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DXB last won the day on May 19 2016

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  1. I bought an M20C out of Charleston SC 2.5 years ago and researched this question at the time. Closest option I found for real Mooney expertise in a prebuy was Cole Aviation in Dalton Ga, which is some distance away. I was satisfied with their work on the prebuy and subsequent annual.
  2. Yikes!! Reading stories like this always feels like a punch in the gut - so sorry. It's clear what a buyer might do differently in managing a prebuy, and It's mostly dumb luck I didn't have to learn this particular dark lesson as an inexperienced buyer. Yet hindsight is not terribly helpful now to this owner. Assuming his IA is capable, he perhaps doesn't have the client's best interests at heart. At least the owner is in Texas, where there's tons of expertise. Can someone please help him get connected to the right folks locally to triage this mess?
  3. A few potentially relevant thoughts: 1. 15-16gph for takeoff seems too low to me - it should be above 17gph at least assuming you're not at a highDA. If you're really running that lean at WOT, you should have serious CHT issues on takeoff and down low at high power - is that the case? Also <15gph and WOT at takeoff at low DA will make my engine monitor alarm immediately from astronomical EGTs. Don't ask me how I know this. 2. Make sure your mixture cable pushes the lever on the carb all the way forward when set to full rich - a mis-adjusted cable could be a very simple explanation for your observations 3. How is your fuel pressure under conditions where fuel flow seems too low? If pressure is low, this might suggest your issue is in the fuel system somewhere before your carb. 4. Turns out there are 3 flavors of the Marvel Schleber MA-4-5 carb that are approved for the O-360-A1D in the C model: 10-4164-1, 10-3878, 10-3878-M. They differ in how rich they run - it may be worth knowing which one you have and if you got a different one at last overhaul when your problems started. 5. Of course fuel flow meter calibration could be an issue, but seems less likely if you also have objective evidence of it running too lean. As I note above, your low fuel flows at high power settings should give you serious engine temp issues.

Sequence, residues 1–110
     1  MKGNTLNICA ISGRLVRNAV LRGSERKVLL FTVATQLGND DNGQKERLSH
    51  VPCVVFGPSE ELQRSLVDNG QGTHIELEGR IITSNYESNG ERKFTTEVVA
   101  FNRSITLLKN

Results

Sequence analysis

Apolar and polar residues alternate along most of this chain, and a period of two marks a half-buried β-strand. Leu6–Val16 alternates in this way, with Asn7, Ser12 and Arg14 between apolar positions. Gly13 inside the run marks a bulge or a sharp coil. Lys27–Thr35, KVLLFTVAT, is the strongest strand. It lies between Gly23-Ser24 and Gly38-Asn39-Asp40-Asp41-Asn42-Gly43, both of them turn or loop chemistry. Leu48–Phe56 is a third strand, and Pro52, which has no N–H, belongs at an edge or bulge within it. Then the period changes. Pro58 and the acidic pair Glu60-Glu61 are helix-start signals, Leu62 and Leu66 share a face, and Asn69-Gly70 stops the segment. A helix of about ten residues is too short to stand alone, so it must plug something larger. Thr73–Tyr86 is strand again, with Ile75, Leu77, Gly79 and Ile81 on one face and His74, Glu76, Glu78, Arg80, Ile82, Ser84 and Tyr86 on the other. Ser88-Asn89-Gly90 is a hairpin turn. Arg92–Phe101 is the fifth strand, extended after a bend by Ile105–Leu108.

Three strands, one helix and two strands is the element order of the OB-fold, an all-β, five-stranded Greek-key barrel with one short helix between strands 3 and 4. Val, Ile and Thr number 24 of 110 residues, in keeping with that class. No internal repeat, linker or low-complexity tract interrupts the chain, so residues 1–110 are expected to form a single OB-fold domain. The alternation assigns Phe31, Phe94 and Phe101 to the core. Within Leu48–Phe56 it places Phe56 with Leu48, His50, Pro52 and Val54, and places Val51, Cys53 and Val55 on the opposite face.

4. I hope you're right because this is indeed how I operate my O-360. Also visualizing the red box for each individual cylinder in a carb'd plane as you lean is impractical. I would be curious to have more information on this issue though.
  5. Very nice! I bet it got full price and was worth it if no major issues. Mine's nicer, but it's not for sale
  6. But I assume what the OP is describing is not roughness near idle but at a more typical pattern MP of around 15" ? Does idle mixture make much of a contribution at those power settings? I'm guessing most peoples planes run rough at idle with carb heat on - mine sure does and it's correctly adjusted based on your method.
  7. Agree 5000 ft DA + carb heat + low power = roughness from over-rich, assuming no issue at low DA. One might record the expected peak EGT when taking off full rich at 0 DA - a data logging engine monitor really helped me with this. Then figure out what mixture gives you that EGT at full power on the ground at 5000 DA (i.e. lean to target EGT), and use that mixture setting for GUMPS when landing at >= 5000 DA. Maybe one could make a sharpie mark on the mixture control to be consistent? That would be a more desirable mixture setting anyway at high DA for more power if one is goes around rather than lands. BTW I always use carb heat from start of descent until short final, when I turn off at the final GUMPS to optimize power for a possible a go around. To me it's just not worth the remote but real chance of carb ice when reducing power. There's little cost to doing it, and I ain't gonna collect atmospheric data and pull out a chart each time to figure out if conditions are perfect for carb ice.
  8. Take a look at Service Bulletin 208B. It involves pulling the interior to inspect the tubular frame for corrosion - an issue with planes that sit outside and leak in H20. http://www.mooney.com/en/sb/M20-208B.pdf If you can find this having been done per the logs in recent years, it may give you a modicum of confidence to go forward with a prebuy inspect. If you get to a prebuy, you need a truly knowledgeable person to look at the tubular frame and the wing spar for corrosion FIRST during the inspection. Significant issues here will make you walk away briskly without spending further time and money. I agree buying a plane that's far away requires some exta hassle. I do see some good C models come up periodically in the South from time to time. But I live in Philly and bought a plane from South Carolina after having it inspected by a Mooney specialist in Dalton GA. It can be done without too much pain, particularly if the seller is willing to transport it for prebuy. Before having it flown to the inspection, I was lucky to find someone in the state who was willing to fly over and lay eyes on it to get a feel for things being as advertised. I offered to pay him an hourly consulting fee given he was a MAPA instructor and C model owner - he said "nah - I consider it a service to the Mooney community." I'd be willing to pay it forward at some point, but VA is a bit far for me - yet someone on this site may be closer and willing to help you out similarly. Then you will need help getting it home - you might find some help on that here also. Buy carefully, and you will not regret joining the Mooney world!